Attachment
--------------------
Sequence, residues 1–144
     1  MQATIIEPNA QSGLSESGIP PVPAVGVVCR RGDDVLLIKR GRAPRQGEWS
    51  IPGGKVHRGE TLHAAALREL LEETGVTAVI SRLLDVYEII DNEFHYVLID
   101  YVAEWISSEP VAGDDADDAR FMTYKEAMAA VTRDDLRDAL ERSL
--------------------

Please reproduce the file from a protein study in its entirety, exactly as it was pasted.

Sequence, residues 1–144
     1  MQATIIEPNA QSGLSESGIP PVPAVGVVCR RGDDVLLIKR GRAPRQGEWS
    51  IPGGKVHRGE TLHAAALREL LEETGVTAVI SRLLDVYEII DNEFHYVLID
   101  YVAEWISSEP VAGDDADDAR FMTYKEAMAA VTRDDLRDAL ERSL